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GWT offers javascript files mainly for Fifefox, chrome....., but what happens if another browser is being used such as K Melon or another browser which GWT does not specifically generates the javascript for that browser!!

I have tested for K Melon, it works correctly but i just want to know, how GWT knows which Javascript files to load

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2 Answers 2

This is probably way more information than you wanted.

As far as mechanics go, GWT grabs the user agent from the browser, then uses a mechanism called a "property provider" to classify the browser. So, a property provider sets a property named "user.agent" to one of several predefined classes of browsers.

Here is an XML file which defines constants for all classes of browsers GWT currently knows about:

http://code.google.com/p/google-web-toolkit/source/browse/trunk/user/src/com/google/gwt/user/UserAgent.gwt.xml?

At compile time, your app is compiled separately for each class of browser you want to support, and a different batch of JS gets loaded for each type of browser. The beauty of this is that the end user downloads the minimum amount of code needed to run the app, and won't be bloated by having conditional code for IE when you are running Chrome or Firefox.

Its a bit complex, but you can peek at the code that writes out some JavaScript to examine the User Agent string here to determine which class of browser is currently running:

http://code.google.com/p/google-web-toolkit/source/browse/trunk/user/src/com/google/gwt/user/rebind/UserAgentPropertyGenerator.java

Once it picks a value for the user.agent property, the various parts of GWT conditionally substitute in code where browser specific logic is needed. Most browsers return a long list of "compatible" user agents. GWT tries to pick the best match from those. You can see that there is a default case - if the user agent string isn't recognized at all it sets the user.agent value to 'unknown' and fires up a warning to alert that the developer needs to manually pick one.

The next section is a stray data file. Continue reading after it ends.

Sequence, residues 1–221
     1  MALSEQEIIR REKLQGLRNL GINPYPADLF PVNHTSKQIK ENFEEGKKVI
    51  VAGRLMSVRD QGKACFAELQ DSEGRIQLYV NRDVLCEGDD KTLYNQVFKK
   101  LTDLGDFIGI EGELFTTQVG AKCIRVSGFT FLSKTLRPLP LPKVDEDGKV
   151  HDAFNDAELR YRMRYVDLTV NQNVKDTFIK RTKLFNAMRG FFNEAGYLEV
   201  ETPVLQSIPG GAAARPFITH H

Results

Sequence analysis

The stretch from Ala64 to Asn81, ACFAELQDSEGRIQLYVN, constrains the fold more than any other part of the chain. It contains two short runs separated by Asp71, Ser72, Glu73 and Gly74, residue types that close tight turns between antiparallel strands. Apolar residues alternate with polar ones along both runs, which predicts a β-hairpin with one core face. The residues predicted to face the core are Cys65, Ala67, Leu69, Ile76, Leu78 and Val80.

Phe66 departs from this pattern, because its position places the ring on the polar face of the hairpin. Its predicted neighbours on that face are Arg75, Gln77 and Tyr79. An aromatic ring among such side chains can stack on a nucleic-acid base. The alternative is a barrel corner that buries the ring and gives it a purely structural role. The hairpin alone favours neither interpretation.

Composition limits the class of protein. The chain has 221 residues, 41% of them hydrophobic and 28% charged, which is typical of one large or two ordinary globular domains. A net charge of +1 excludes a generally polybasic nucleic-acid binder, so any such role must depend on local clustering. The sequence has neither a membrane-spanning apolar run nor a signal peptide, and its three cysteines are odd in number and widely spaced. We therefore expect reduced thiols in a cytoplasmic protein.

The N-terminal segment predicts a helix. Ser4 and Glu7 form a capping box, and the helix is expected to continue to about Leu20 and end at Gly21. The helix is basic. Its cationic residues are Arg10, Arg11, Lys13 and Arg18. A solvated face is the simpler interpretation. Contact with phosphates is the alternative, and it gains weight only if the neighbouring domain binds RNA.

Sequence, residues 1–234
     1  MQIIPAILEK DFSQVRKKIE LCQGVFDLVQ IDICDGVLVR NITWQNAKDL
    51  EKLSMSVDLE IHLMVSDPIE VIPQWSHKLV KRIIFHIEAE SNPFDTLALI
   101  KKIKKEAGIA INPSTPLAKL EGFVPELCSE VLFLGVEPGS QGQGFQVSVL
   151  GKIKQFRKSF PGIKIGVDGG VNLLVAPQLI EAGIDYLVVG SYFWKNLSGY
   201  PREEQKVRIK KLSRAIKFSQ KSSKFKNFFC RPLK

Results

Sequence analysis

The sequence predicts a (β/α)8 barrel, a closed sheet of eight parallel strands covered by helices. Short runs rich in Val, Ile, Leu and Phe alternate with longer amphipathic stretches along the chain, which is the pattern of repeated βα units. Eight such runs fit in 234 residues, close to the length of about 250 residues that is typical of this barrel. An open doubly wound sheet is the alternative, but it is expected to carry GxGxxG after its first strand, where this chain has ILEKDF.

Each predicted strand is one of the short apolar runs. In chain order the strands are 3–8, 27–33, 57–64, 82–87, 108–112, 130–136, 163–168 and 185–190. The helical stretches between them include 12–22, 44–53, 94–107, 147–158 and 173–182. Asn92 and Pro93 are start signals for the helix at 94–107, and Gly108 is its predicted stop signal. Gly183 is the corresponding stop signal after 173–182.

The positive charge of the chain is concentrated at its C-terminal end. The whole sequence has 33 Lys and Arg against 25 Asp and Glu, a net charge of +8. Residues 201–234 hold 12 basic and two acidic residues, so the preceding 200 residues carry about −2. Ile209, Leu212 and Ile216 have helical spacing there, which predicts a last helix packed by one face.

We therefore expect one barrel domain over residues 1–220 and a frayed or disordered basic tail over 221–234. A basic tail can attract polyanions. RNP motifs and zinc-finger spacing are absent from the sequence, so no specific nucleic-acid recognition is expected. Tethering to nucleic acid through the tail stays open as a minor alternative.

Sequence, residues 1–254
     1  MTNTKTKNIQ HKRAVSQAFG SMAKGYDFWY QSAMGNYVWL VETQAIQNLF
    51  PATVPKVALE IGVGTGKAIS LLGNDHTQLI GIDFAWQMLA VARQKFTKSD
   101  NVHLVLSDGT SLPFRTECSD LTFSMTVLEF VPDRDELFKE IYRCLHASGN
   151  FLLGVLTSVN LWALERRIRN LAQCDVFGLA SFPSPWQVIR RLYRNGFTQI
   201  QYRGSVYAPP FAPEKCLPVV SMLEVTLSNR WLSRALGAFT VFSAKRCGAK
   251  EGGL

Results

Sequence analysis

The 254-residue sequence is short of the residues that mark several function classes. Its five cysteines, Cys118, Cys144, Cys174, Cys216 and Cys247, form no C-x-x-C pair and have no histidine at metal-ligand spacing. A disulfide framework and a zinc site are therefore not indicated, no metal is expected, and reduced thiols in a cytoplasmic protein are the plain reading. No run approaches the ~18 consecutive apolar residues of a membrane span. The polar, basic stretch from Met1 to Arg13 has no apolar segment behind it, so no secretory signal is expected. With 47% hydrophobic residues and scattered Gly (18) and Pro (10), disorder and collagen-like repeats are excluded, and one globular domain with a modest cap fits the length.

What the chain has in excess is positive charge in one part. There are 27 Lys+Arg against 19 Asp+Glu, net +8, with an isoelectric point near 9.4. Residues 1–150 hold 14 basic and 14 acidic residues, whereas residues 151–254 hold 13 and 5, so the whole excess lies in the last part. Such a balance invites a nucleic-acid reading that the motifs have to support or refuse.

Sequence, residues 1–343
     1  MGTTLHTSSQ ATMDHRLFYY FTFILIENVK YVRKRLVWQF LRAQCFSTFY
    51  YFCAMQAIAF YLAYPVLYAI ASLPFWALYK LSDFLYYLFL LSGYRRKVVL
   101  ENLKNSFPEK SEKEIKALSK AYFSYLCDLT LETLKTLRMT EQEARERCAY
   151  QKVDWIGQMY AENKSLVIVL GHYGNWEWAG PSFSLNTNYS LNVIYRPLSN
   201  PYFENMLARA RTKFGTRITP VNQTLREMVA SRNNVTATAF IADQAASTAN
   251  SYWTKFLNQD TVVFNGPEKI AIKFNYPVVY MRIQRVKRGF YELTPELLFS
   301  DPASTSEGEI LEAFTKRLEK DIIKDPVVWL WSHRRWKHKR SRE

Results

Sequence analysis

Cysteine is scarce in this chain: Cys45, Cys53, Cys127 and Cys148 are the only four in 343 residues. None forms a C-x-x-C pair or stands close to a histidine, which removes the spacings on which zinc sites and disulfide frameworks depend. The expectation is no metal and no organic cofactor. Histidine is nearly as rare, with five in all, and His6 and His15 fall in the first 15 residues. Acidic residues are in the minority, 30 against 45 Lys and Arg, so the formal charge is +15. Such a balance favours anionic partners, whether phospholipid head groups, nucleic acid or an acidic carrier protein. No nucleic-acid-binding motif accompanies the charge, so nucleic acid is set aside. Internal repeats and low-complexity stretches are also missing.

To dive a little deeper, here's the mechanism the compiler uses to pull in browser specific code based on the user.agent property:

(from Window.gwt.xml)

<module>
  <inherits name="com.google.gwt.core.Core"/>
  <inherits name="com.google.gwt.user.UserAgent"/>

   <replace-with class="com.google.gwt.user.client.impl.WindowImplIE">
      <when-type-is class="com.google.gwt.user.client.impl.WindowImpl"/>
      <any>
        <when-property-is name="user.agent" value="ie6"/>
        <when-property-is name="user.agent" value="ie8"/>
        <when-property-is name="user.agent" value="ie9"/>
      </any>
   </replace-with>
</module>

You'll notice that if 'webkit' is seen in the user agent, GWT returns the string 'safari' to identify the class of browser. There is no separate class of browser for Chrome. Chrome and Safari are very similar, and pretty closely written to specs, so there's not a lot of special casing for them. But that's not to say that there isn't Chrome specific code in some places. Sometimes a difference in browser will be detected at runtime. Its only done this way when there are just small browser differences. Here's an example of the way a minor difference between Chrome and Safari is handled:

public class HyperlinkImplSafari extends HyperlinkImpl {

  private static boolean shiftIsModifier = onChrome();

  private static native boolean onChrome() /*-{
    return navigator.userAgent.indexOf("Chrome") != -1;
  }-*/;

  @Override
  public boolean handleAsClick(Event event) {
    //...
    boolean modifiers = alt || ctrl || meta;
    if (shiftIsModifier) {
      modifiers |= shift;
    }

    return !modifiers && !middle && !right;
  }
}
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Check this post out - Google GWT cross-browser support: is it BS ?

Even with the big names in browser industry, my experience with GWT apps hasn't been 100% compatibility, but really comes close.

For other browsers, it will look for the engine (most of them are offshoots of webkit or variants of mozilla's offering), if that is recognized, GWT generates the code for it more or less.

Anyways, the user base for such browsers itself is too tiny. In practice, it mostly suffices to test compatibility between IE6 (sigh), IE7, IE8 (yes they behave differently!), Firefox, and nowadays, chrome, safari and IE9.

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